Caldwell, N.J., Feb. 27, 2019 – Caldwell University’s English Department celebrated Black History Month with an African American Read-In Tuesday, Feb. 26, in the Cougar Den on campus.
The featured speaker was Dr. Valerie Lewis-Mosley, who teaches in the Caldwell University Theology and Philosophy Department. She spoke of the cost many fearless African- Americans paid in carrying forward their history through language, literature, readings and words. She stressed the importance of knowing and communicating the stories including the fact that many African-Americans could read and write before the Emancipation Proclamation but would not let others know for fear of punishment. “Books carry a legacy of a people,” she said.
Lewis-Mosley noted she is a great-granddaughter of South Carolina Gullah Geechees, descendants of enslaved Africans who were transported from Barbados to South Carolina; those ancestors of hers taught others to read and write. She spoke of the fortitude of many people of African descent who traveled to the United States and would hide bricks with writing on them underneath dirt, fearing others would discover they could read and write. Lewis-Mosley shared her favorite stories and writers including the autobiography of Frederick Douglass and Langston Hughes’s poem “I, Too,” which states, “I too, am America.”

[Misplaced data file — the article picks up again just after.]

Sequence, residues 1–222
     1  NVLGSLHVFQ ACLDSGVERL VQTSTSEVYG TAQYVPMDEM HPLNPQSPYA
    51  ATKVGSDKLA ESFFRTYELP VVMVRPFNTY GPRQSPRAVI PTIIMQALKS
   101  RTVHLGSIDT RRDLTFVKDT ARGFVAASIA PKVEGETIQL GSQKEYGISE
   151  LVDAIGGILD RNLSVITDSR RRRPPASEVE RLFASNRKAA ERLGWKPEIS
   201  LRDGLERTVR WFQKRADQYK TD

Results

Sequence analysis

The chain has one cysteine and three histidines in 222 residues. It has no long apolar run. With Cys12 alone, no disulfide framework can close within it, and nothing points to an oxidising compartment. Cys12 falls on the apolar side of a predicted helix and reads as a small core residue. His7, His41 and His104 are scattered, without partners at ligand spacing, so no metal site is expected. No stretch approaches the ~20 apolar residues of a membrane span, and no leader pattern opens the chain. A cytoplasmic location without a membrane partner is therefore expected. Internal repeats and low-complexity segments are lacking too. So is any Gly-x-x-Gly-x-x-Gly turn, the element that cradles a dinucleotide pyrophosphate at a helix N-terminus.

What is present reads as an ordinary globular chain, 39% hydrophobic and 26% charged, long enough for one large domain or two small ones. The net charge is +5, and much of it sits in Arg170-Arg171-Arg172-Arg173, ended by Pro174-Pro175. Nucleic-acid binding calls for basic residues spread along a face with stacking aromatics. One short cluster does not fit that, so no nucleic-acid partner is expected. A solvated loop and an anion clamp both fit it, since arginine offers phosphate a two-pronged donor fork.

Students, faculty and staff were invited to read their own favorite poems or short passages from African American writers or to share their own creating writing.
The National African American Read-In is the nation’s oldest event dedicated to diversity in literature. It was established in 1990 by the Black Caucus of the National Council of Teachers of English to make literacy a significant part of Black History Month.